Yes, once again, we have to face up to the importance of marketing. People should know what to expect when they make expensive travel plans to dance tango. Which only means that festival organizers have to publicize the event correctly--if it's milonguero, if it's nuevo, or if it's let's wait and see who shows up and pays and then the majority rules, which I think is the usual case. Cold cash is hard to turn away--in the same way that milonga organizers here often let anyone in who pays the entrance fee. Ruben says that when he started to dance tango long ago, a man couldn't enter a milonga without a coat and tie, and with his shoes shined! Can you imagine that happening today?

It would take guts and fearlessness and integrity to market a festival as milonguero or nuevo or anything goes, and then stick to it. If it's nuevo, make sure there is plenty of room; if it's milonguero, require that dancers follow the line of dance and don't do large moves. Information should be given out in the publicity for the event as to what style will be danced, on the registration forms, in emails, in handouts, and in oral announcements at the event. Let dancers know what to expect and then follow through.

It will take courage. What if you throw a festival and nobody comes?





14 comments:

ModernTanguera said...

The funniest bit is that good marketing is always targeted at a specific audience. The worst business model is to try to cater to everyone! It would make infinitely more sense for all festival organizers to pick their audience and make a great event -- for those people. Everyone wins. (Except those of us who are tired of the festivals themselves, but what can you do?)

NYC Tango Pilgrim said...

haha... I think I saw your friend at the festival. Well, Friday night milonga was quite a mess. It was a shame because the locale was beautiful and grand: the ballroom of city hall of Berlin. As a matter of fact, all the main festival milongas, with the exception of Monday night, were a disappointment for me in terms of quality of dancing. But I did enjoy the afterhour milongas that went on at a cafe at the central train station after 4:00am.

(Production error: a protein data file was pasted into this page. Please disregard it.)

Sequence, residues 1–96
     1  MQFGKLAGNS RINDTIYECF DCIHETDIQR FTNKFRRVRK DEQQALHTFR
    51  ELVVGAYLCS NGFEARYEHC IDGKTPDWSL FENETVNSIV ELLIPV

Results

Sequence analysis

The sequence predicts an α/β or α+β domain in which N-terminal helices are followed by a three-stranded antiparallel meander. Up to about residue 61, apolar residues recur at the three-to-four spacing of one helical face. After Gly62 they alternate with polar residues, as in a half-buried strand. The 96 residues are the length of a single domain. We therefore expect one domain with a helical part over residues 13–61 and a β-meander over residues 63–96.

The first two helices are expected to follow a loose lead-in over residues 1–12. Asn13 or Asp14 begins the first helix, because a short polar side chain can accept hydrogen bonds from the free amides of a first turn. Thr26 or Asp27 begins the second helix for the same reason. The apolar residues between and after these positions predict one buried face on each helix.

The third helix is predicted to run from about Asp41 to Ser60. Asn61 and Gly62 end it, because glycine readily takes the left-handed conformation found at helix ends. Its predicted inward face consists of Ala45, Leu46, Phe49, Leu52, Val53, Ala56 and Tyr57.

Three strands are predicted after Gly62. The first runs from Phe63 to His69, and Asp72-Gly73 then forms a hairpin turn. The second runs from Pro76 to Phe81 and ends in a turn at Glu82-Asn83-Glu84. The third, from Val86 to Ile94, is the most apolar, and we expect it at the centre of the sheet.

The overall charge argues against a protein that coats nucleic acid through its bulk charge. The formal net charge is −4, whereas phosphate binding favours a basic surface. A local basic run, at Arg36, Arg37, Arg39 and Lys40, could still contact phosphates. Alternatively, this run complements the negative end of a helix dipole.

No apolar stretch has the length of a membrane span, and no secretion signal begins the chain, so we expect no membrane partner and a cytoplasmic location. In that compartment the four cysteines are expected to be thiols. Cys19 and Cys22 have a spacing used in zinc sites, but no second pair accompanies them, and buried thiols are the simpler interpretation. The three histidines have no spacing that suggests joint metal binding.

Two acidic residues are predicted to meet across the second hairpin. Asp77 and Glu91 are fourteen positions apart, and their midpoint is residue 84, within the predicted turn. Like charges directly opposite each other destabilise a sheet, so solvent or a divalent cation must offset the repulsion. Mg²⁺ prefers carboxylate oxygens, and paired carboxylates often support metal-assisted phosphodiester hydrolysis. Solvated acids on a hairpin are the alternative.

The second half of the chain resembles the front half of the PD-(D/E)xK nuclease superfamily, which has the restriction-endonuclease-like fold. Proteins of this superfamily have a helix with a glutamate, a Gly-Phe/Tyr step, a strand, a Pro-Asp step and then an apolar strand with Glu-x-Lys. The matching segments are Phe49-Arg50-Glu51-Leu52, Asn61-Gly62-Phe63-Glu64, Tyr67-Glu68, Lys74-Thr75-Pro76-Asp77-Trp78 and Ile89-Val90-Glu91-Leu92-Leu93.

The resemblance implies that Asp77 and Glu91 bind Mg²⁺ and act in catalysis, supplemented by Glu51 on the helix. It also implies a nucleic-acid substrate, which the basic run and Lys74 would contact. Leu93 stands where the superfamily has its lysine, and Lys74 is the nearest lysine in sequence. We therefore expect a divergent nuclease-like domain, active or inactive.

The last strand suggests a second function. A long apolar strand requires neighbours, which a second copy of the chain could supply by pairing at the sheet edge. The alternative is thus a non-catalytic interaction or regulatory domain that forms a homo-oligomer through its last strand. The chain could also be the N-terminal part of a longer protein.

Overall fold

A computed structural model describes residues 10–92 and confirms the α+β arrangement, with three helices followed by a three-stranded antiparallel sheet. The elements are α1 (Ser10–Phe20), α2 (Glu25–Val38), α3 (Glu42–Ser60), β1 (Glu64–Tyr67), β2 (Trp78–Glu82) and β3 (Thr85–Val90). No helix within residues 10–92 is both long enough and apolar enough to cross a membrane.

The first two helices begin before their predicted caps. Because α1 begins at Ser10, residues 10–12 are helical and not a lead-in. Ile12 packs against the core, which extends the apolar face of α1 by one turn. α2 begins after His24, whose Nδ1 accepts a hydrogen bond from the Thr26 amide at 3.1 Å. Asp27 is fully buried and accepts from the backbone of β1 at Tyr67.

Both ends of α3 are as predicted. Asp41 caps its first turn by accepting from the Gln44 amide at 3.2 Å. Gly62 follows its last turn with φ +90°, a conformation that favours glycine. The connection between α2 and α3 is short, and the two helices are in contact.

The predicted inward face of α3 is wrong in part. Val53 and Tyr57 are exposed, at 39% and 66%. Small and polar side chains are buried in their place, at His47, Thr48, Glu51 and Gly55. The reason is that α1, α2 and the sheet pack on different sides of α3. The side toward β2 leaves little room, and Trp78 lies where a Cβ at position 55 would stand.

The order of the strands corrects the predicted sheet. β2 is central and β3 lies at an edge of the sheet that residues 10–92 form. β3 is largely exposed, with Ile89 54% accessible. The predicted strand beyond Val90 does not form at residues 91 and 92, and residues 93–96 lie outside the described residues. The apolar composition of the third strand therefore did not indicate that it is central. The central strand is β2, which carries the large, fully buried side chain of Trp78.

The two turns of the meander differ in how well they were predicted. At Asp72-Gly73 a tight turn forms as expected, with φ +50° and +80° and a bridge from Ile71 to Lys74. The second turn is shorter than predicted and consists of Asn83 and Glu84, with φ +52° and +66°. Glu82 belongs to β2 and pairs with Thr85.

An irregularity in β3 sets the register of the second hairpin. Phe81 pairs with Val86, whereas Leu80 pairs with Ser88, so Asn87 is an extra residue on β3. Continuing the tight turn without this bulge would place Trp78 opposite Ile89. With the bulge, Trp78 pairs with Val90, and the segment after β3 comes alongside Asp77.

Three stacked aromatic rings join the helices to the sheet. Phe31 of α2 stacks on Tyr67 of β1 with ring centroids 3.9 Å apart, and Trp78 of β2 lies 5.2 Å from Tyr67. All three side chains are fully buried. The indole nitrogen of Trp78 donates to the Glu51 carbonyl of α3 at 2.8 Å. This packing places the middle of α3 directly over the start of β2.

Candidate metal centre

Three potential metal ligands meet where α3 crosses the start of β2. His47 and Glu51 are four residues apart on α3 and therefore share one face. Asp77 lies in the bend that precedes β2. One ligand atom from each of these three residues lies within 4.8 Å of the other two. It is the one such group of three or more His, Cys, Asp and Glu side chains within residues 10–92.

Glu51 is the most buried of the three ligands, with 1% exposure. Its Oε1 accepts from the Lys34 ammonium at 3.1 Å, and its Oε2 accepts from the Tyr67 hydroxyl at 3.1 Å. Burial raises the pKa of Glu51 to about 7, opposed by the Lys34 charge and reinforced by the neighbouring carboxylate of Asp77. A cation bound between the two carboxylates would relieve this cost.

All in all, I had a very good time at BTF, very good tandas and met a few new friends.

Andreas said...

Hi Cherie,
I think it is quite ... optimistic to expect proper social tango at one of *those* festivals. Dozens of shows, loads of workshops etc.
It's not about the dancing, really, it's about the superstar couples and the glitz.
Plus, Berlin is not really the place to go to in Europe for traditional tango.
There are so-called "milonguero" festivals in Europe (clearly labeled), and there indeed you find proper music and proper dancing, and usually few or no workshops.

tangocherie said...

MT, perhaps organizers forget that "you can't please all the people all the time!"

TP, someone sent me this video of the Monday night milonga when the orchestra was playing:

http://www.youtube.com/watch?v=kBnRS1HOxQM

I've never seen so many side-steps and lapices in one place in my life outside of a class in lapices!! Perhaps the dancers just finished such a class! :)

Andreas, I had a fantastic time years ago at the milonga marathon in Nijmegen!

Thanks to everyone who feels moved to make comments; I really appreciate them.

NYC Tango Pilgrim said...

As I said, the after hour milonga was where the fun was :-)

http://www.youtube.com/watch?v=cdP7THAtNvU

Elizabeth said...

I feel bad that people come to the festival and never experience Seattle's best dancing. It is fun, lots of show, but not milonguero. Also, it's depressing how many women travel, dress up, and then....sit.